monster-children-levis-rez-matt-sharkey-31Photos by Matt Sharkey and Zach Baker

During a spring visit to New York, Matt Sharkey had mentioned that Levi’s would be doing a build on an Indian reservation in South Dakota. They’ve been lending time, money, and labor over the past few years to the build a number of parks worldwide, D.I.Y. and government-sanctioned.

I e-mailed him like, “Y’all done yet?” and he was like, “Nah, but I’ll ship you out at the end of July and we’ll get it. The parks will be done and there’s going to be a big pow-wow.” So, end of July rolls around and I find myself arriving in Rapid City, South Dakota to bear witness to and skate the Pine Ridge Indian Reservation with the Lakota Nation and some of the best skaters in the biz, including Marius Syvanen, Josh Matthews, Pat Moran, Joey Pepper, and Jerry Mraz.


Upon arrival, I came to learn that there was something far less chill going down in western South Dakota simultaneously: the seventy-fifth annual Sturgis bike rally, a.k.a. the largest motorcycle rally in the world.  While they usually expect half to three-quarters of one million riders to attend, this year was projected to see well over one million. Meaning that while plenty of these dudes may well have been your stereotypical, aggro, drug-dealing, hog-ridin’ criminals, the vast majority were the two-wheeled equivalent of Sunday drivers taking a week off from their accounting jobs to dust off the ‘ol du rag, and huck their motorcycles out by the truckload as they kicked back in business class. The social climate of Rapid City and the places nearby was fucking weird. A highly-policed, highly-commercialized destination for a subculture of retirees flocking for a week out of the year to ride around without confidence, buy up all the kitsch that they could haul, and get really, really drunk. There were juggalos, cover bands playing Skynyrd, the guy from Orange County Choppers, and probably twenty to thirty cumulative miles of yellowish-gray hair.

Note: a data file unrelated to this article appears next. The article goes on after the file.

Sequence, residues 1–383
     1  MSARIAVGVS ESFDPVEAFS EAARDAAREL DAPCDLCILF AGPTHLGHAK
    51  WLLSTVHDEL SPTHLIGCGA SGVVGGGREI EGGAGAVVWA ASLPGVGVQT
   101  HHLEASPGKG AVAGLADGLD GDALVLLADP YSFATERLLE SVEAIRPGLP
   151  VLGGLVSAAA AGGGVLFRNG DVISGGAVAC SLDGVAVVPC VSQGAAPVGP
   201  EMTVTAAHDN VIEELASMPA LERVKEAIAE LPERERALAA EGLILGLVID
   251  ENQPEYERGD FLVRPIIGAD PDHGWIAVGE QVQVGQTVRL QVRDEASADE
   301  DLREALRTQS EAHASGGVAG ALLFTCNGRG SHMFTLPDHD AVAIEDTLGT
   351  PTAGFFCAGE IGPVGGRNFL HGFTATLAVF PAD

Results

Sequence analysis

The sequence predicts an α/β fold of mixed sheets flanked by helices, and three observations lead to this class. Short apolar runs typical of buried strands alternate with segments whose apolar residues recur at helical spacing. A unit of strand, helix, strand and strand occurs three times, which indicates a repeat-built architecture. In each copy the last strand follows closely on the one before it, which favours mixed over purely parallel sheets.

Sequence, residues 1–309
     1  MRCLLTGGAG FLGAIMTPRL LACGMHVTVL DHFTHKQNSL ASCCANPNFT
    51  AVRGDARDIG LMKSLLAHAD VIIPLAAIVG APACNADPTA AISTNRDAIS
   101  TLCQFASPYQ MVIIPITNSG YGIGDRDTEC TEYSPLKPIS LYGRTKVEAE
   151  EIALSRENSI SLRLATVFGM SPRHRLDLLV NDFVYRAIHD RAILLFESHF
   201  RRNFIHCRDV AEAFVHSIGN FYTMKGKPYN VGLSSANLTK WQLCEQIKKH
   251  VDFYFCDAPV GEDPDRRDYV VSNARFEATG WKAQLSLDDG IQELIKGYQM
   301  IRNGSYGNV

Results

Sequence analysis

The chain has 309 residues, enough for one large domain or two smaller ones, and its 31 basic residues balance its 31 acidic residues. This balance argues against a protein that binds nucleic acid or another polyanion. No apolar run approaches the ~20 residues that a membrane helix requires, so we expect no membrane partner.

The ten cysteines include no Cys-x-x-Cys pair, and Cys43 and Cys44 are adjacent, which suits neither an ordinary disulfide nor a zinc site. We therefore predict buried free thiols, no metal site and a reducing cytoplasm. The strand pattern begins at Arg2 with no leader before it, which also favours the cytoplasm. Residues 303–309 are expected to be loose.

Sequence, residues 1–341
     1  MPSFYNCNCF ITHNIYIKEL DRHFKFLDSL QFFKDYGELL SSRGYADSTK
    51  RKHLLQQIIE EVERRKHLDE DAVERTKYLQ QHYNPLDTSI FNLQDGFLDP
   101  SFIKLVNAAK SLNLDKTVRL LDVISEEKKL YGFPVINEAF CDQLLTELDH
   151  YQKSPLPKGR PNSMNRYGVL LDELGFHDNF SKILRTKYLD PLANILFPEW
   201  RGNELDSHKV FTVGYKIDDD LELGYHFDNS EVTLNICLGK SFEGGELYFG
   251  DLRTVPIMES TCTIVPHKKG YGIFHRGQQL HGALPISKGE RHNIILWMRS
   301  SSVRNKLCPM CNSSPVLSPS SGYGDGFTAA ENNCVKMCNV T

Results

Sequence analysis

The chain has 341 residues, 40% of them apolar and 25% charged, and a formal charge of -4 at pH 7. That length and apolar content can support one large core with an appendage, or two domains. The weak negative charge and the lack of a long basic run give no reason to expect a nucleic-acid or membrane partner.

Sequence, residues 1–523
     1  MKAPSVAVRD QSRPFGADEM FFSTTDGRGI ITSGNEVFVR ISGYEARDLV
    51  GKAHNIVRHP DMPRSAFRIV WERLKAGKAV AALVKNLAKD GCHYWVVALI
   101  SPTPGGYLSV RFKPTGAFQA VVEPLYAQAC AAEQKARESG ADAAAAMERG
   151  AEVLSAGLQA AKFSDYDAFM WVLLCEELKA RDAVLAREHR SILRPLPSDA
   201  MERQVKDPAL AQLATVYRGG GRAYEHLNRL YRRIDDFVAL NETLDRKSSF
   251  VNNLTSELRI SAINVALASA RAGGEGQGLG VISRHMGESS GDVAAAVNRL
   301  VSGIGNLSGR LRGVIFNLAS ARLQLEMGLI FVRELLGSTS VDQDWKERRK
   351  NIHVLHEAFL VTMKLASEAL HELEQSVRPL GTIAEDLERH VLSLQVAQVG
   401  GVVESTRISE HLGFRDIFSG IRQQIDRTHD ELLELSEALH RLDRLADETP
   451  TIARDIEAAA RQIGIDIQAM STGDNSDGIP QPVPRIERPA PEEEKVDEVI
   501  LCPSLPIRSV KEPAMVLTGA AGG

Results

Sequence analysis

And then there was the reservation. It seems that it wasn’t up until the past decade or so that many of the world’s more disenfranchised areas began to reap the benefits of skateboarding, and the Pine Ridge Reservation is without question the most disenfranchised place I’ve ever been. It’s the eighth largest Indian reservation in the country, and the three counties, which comprise it, are the poorest in the nation. 80 to 85% of its population is unemployed. It has eight times the national rates of diabetes and tuberculosis, and five times the national rate of cervical cancer. Alcoholism plagues around 80% of the population. One in four children show signs of fetal alcohol syndrome or fetal alcohol spectrum disorder. The life expectancy on the Pine Ridge Reservation is the lowest in the United States, and second lowest in the Western Hemisphere (the first being Haiti). As a result of these conditions, youth suicide has been an epidemic. In 2015, fifteen people between the ages of 8 and 15 have committed suicide.




Then there are the people and groups who are working to reverse these conditions. Jim Murphy, a New Yorker and member of the original Alva Skates team, started Wounded Knee Skateboards with the great Andy Kessler a few years back. In this time, he has used the proceeds and product from the company, while raising resources elsewhere, to promote creativity and self-worth to young Native peoples through skateboarding. Walt Pourier, who himself is Oglala Lakota, runs a non-profit called the Stronghold Society, whose task is to inspire “confidence, creativity, hope, and ambition for the youth of Native communities and non-Native communities through leadership development, arts programs, skateboarding and athletic activities while encouraging youth to take action to live a healthy life in mind, body, and spirit.” Between them, and with aide from companies such as Levi’s, they’ve made it possible for these two skate parks on the rez to exist.